346
347The PCG is a very efficient method for solving elliptic equations on vector computers.
348It is a fast and rather easy method to use; which are attractive features for a large
349number of ocean situations (variable bottom topography, complex coastal geometry,
350variable grid spacing, open or cyclic boundaries, etc ...). It does not require
351a search for an optimal parameter as in the SOR method. However, the SOR has
352been retained because it is a linear solver, which is a very useful property when
353using the adjoint model of \NEMO.
354
355At each time step, the time derivative of the sea surface height at time step $t+1$ 
356(or equivalently the divergence of the \textit{after} barotropic transport) that appears
357in the filtering forced is the solution of the elliptic equation obtained from the horizontal
358divergence of the vertical summation of \eqref{Eq_PE_flt}.
359Introducing the following coefficients:
360\begin{equation}  \label{Eq_sol_matrix}
361\begin{aligned}
362&c_{i,j}^{NS}  &&= {2 \rdt }^2 \; \frac{H_v (i,j) \; e_{1v} (i,j)}{e_{2v}(i,j)}              \\
363&c_{i,j}^{EW} &&= {2 \rdt }^2 \; \frac{H_u (i,j) \; e_{2u} (i,j)}{e_{1u}(i,j)}            \\
364&b_{i,j} &&= \delta_i \left[ e_{2u}M_u \right] - \delta_j \left[ e_{1v}M_v \right]\ ,   \\
365\end{aligned}
366\end{equation}
367the resulting five-point finite difference equation is given by:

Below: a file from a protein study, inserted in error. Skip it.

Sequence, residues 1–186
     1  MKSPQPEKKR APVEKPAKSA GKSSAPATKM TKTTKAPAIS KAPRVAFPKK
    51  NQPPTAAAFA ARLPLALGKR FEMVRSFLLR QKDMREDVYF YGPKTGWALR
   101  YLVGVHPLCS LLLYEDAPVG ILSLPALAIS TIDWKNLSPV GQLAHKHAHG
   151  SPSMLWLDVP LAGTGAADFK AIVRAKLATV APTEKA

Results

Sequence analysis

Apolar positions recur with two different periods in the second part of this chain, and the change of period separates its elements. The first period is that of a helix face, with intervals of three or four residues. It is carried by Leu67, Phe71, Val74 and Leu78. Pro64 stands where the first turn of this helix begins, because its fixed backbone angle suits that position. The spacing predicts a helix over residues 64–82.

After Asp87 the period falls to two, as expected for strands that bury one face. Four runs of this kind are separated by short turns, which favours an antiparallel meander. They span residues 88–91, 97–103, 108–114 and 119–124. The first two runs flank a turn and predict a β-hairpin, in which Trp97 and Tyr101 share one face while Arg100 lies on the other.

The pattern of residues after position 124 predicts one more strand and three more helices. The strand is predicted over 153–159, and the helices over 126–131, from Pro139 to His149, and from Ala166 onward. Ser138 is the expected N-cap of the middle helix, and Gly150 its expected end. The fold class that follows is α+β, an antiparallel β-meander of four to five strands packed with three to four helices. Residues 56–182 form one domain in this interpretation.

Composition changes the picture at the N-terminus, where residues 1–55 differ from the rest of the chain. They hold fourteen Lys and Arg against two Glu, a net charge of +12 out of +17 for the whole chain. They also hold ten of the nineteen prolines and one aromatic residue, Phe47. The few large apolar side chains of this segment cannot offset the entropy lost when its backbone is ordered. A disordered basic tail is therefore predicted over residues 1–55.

368\begin{equation}  \label{Eq_solmat}
369\begin{split}
370       c_{i+1,j}^{NS} D_{i+1,j}  + \;  c_{i,j+1}^{EW} D_{i,j+1}   
371  +   c_{i,j}    ^{NS} D_{i-1,j}   + \;  c_{i,j}    ^{EW} D_{i,j-1}                                          &    \\
372  -    \left(c_{i+1,j}^{NS} + c_{i,j+1}^{EW} + c_{i,j}^{NS} + c_{i,j}^{EW} \right)   D_{i,j}  &=  b_{i,j}
373\end{split}
374\end{equation}
375\eqref{Eq_solmat} is a linear symmetric system of equations. All the elements of
376the corresponding matrix \textbf{A} vanish except those of five diagonals. With
377the natural ordering of the grid points (i.e. from west to east and from
378south to north), the structure of \textbf{A} is block-tridiagonal with
379tridiagonal or diagonal blocks. \textbf{A} is a positive-definite symmetric
380matrix of size $(jpi \cdot jpj)^2$, and \textbf{B}, the right hand side of
381\eqref{Eq_solmat}, is a vector.
382
383Note that in the linear free surface case, the depth that appears in \eqref{Eq_sol_matrix}
384does not vary with time, and thus the matrix can be computed once for all. In non-linear free surface
385(\key{vvl} defined) the matrix have to be updated at each time step.
386
387% -------------------------------------------------------------------------------------------------------------